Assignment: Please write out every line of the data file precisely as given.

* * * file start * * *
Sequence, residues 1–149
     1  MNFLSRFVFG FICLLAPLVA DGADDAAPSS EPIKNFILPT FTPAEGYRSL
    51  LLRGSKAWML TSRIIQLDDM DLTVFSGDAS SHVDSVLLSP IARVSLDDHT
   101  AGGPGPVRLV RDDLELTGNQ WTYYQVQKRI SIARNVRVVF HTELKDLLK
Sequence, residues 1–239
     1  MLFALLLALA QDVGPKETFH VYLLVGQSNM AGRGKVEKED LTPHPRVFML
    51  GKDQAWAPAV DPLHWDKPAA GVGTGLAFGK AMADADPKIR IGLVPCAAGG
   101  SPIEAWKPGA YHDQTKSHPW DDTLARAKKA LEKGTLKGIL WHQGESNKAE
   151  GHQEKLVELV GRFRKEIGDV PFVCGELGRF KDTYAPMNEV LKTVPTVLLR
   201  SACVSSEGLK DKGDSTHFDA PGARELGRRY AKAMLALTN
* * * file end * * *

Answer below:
Sequence, residues 1–149
     1  MNFLSRFVFG FICLLAPLVA DGADDAAPSS EPIKNFILPT FTPAEGYRSL
    51  LLRGSKAWML TSRIIQLDDM DLTVFSGDAS SHVDSVLLSP IARVSLDDHT
   101  AGGPGPVRLV RDDLELTGNQ WTYYQVQKRI SIARNVRVVF HTELKDLLK
Sequence, residues 1–239
     1  MLFALLLALA QDVGPKETFH VYLLVGQSNM AGRGKVEKED LTPHPRVFML
    51  GKDQAWAPAV DPLHWDKPAA GVGTGLAFGK AMADADPKIR IGLVPCAAGG
   101  SPIEAWKPGA YHDQTKSHPW DDTLARAKKA LEKGTLKGIL WHQGESNKAE
   151  GHQEKLVELV GRFRKEIGDV PFVCGELGRF KDTYAPMNEV LKTVPTVLLR
   201  SACVSSEGLK DKGDSTHFDA PGARELGRRY AKAMLALTN